Finally, students going to a foreign country can use the Pre-Trip Information tool on Assist America’s website and the mobile app to familiarize themselves with their destination.

App Store Google Play

 

 

 

App Store is a service mark of Apple Inc., registered in the U.S. and other countries. Google Play and the Google Play logo are trademarks of Google LLC.

PTSD Awareness Month

PTSD Awareness Month

It’s PTSD Awareness Month, and PTSD, or post-traumatic stress disorder, is an anxiety problem certain people suffer from caused by traumatic events like combat or a serious accident.

Understanding PTSD

 

Those suffering from PTSD may relive the event with overwhelming memories, flashbacks, or nightmares that disrupt their day-to-day lives.

PTSD Symptoms

 

Veterans are some of the U.S. citizens most likely to suffer from PTSD.

Veterans and PTSD

 

Homeless vets today are even more likely to be haunted by PTSD than veterans of previous eras were.

The Homeless Vets and PTSD Connection

 

Injured soldiers’ sleep issues can be key to improving their rehabilitation and issues with PTSD.

Sleep Issues and PTSD

 

Consider these issues and guidelines if you’re wondering about seeing a therapist for your PTSD.

Learn more about PTSD, its symptoms, treatment, and how to get more help.

PTSD Support and Help

International Boost Self-Esteem Month

International Boost Self-Esteem Month

February is International Boost Self-Esteem Month, and boosting your self-esteem is great for fighting depression and anxiety and is good for your overall mental wellness.

Boost your self-esteem by avoiding negative self-talk. How do you label yourself? Stupid, intelligent, ugly, beautiful? Avoid being too critical of yourself and fight negative thinking.

Avoid Negative Self-Talk

 

When you’re feeling like you’ve failed, celebrate what you’re good at. Are you a great friend, partner, co-worker, parent, pet-lover? Remind yourself of your accomplishments.

Humans have flaws, and that’s okay. Knowing what you’re not good at can help you improve, communicate, and avoid unnecessary struggle.

Overcoming Your Flaws

 

Don’t forget self-care to boost your self-esteem. Does taking the time to choose your outfits the night before help you feel more put together and confident? Does reading the news help you feel more informed? Put aside time for these kinds of things.

Self-Care for Confidence

 

Set goals that are achievable, and then, celebrate your accomplishments. Incremental, little goals help you reach big goals one step at a time. And when you make progress, reward yourself! 

Setting Smart Goals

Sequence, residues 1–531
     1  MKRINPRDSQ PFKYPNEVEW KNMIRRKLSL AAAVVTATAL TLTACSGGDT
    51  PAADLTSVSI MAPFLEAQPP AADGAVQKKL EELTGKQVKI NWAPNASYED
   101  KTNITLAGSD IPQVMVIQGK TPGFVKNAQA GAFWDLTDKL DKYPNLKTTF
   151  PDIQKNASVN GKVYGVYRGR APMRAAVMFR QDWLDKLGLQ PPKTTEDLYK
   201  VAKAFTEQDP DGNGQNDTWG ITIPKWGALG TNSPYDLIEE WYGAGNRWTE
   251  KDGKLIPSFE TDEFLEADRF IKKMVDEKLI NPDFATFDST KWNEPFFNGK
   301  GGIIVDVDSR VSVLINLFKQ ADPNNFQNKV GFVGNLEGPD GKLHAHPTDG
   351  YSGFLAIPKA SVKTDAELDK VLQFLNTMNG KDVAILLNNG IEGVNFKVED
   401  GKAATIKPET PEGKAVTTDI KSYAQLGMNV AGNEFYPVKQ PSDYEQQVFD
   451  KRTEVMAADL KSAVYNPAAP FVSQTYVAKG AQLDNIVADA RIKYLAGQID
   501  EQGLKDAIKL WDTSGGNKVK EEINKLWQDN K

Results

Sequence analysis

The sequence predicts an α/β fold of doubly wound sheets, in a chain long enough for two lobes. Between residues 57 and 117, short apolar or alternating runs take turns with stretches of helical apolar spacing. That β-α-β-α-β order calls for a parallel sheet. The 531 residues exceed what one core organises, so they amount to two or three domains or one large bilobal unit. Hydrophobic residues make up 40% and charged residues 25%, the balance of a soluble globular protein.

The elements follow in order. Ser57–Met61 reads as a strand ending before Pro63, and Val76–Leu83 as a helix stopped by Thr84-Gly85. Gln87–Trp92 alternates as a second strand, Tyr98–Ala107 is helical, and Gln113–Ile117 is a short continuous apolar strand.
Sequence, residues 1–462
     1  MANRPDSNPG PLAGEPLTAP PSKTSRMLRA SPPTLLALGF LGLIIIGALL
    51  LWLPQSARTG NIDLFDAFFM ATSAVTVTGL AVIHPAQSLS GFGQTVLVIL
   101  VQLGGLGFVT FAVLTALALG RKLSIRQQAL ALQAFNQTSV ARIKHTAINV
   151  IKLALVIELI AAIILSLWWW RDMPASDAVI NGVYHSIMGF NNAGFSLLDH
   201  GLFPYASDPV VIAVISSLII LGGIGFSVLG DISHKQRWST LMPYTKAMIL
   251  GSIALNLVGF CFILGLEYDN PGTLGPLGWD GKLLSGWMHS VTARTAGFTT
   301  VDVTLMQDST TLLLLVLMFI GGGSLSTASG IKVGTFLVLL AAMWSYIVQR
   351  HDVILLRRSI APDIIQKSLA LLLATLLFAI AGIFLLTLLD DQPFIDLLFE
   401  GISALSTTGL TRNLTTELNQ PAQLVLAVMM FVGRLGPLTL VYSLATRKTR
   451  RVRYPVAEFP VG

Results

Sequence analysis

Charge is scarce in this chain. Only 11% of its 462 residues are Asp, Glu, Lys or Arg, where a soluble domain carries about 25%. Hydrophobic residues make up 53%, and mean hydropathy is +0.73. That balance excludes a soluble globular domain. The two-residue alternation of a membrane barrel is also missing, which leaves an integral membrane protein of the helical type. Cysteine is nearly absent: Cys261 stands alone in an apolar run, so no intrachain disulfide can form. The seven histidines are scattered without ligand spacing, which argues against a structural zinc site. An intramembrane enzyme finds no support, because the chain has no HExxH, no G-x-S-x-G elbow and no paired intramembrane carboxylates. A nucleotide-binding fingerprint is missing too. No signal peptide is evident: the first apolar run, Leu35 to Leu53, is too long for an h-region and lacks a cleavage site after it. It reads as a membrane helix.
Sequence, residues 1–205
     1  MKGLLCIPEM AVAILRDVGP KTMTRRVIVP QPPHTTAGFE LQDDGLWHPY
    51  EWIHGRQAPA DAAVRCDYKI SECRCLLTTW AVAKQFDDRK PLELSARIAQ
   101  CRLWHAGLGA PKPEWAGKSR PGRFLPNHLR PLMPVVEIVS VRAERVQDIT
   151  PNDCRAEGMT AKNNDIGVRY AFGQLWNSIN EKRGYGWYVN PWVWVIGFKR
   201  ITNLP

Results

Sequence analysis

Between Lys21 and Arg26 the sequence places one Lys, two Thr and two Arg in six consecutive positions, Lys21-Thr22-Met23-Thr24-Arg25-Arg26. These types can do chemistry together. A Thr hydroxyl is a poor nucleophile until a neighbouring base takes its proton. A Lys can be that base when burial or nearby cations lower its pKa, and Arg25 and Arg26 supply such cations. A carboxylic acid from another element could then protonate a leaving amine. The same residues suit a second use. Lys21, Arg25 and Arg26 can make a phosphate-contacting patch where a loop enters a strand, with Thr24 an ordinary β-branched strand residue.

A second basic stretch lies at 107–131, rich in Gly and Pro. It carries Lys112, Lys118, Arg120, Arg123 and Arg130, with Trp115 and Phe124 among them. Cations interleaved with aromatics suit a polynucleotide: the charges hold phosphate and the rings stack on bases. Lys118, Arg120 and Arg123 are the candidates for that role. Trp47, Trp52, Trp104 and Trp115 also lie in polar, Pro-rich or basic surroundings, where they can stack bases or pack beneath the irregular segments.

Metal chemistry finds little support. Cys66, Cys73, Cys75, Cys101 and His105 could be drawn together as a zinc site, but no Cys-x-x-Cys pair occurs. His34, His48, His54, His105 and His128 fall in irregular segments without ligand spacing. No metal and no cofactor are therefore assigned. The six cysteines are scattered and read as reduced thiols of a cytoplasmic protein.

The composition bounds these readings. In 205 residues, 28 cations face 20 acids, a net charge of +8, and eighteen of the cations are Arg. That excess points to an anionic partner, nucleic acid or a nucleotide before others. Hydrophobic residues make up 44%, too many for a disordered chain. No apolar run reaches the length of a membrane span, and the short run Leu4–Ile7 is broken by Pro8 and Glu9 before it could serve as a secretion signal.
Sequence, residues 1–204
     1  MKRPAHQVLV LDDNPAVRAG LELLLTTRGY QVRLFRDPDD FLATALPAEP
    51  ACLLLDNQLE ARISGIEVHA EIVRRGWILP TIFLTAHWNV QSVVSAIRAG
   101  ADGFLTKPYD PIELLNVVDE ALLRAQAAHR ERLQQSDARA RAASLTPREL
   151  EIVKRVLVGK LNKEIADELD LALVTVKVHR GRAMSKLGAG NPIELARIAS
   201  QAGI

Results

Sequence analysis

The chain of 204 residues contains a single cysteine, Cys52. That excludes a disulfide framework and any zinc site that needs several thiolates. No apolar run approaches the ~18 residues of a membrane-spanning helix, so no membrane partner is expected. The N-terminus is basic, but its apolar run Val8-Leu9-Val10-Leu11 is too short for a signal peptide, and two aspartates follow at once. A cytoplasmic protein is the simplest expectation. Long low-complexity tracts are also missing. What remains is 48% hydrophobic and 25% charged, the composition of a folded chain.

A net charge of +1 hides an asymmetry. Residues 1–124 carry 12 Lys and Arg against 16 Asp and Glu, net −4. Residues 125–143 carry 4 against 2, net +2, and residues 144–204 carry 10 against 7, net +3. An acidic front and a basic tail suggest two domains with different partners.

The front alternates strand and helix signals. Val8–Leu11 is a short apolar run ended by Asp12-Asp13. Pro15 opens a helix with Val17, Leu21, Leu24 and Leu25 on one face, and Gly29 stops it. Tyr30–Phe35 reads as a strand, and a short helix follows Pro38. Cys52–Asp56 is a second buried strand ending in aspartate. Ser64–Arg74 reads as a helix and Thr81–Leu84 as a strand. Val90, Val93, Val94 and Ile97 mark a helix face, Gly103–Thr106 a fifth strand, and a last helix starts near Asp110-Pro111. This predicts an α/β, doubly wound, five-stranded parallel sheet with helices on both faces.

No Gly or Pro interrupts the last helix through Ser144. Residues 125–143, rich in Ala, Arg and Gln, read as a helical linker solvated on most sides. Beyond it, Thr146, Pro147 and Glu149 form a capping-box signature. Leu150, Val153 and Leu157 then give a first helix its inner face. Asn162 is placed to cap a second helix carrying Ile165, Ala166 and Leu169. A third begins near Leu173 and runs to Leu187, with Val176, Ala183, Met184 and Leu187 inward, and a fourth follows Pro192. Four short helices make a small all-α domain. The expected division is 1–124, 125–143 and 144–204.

Compliment others. Just like giving gifts, giving genuine compliments to others will make you feel good and look for the best in the world.

Compliment Others

 

Go work out to boost your self-esteem. Not only will you feel and become less out of shape, but exercise also releases endorphins that make you happier and more energetic.

Working Out for Self-Esteem

Beat Holiday Stress

Beat Holiday Stress

Holiday stress takes a toll on everyone, even the most prepared among us. Our tips can help you reduce it.

Are you traveling this week? We can help prepare your family.

The Ultimate Guide to Holiday Travel with Kids

 

Make the most of nice days and get some sunshine. It can help you produce serotonin and also helps relieve seasonal affective disorder, which affects millions of Americans.

Soaking Up Sunshine

 

Walk away. Taking a walk can have a tranquilizing effect on your brain, lower anxiety, and improve sleep.

Go for Holiday Walks

 

Don’t lose your daily routine in the holiday rush. Go to the gym, plan your meals, and schedule “me time.” Don’t squeeze in more than you can handle.

Maintain Your Routine

 

If your family always fights during holidays, think about getting together for your holiday meal at a nice restaurant. Being in public can discourage the fighting.

Family Meals Made Public

 

Abandon customs you don’t love. If the kids are all grown, stop bringing presents for everyone to family gatherings. Hate putting up the tree? Get a little one instead. Find ways to make the holidays work for you.

Adjust Holiday Traditions for What Your Love

 

Know when to say no. Don’t feel bad for missing the holiday office party or not bringing a dish. Your priority should be enjoying the holidays, not perfection!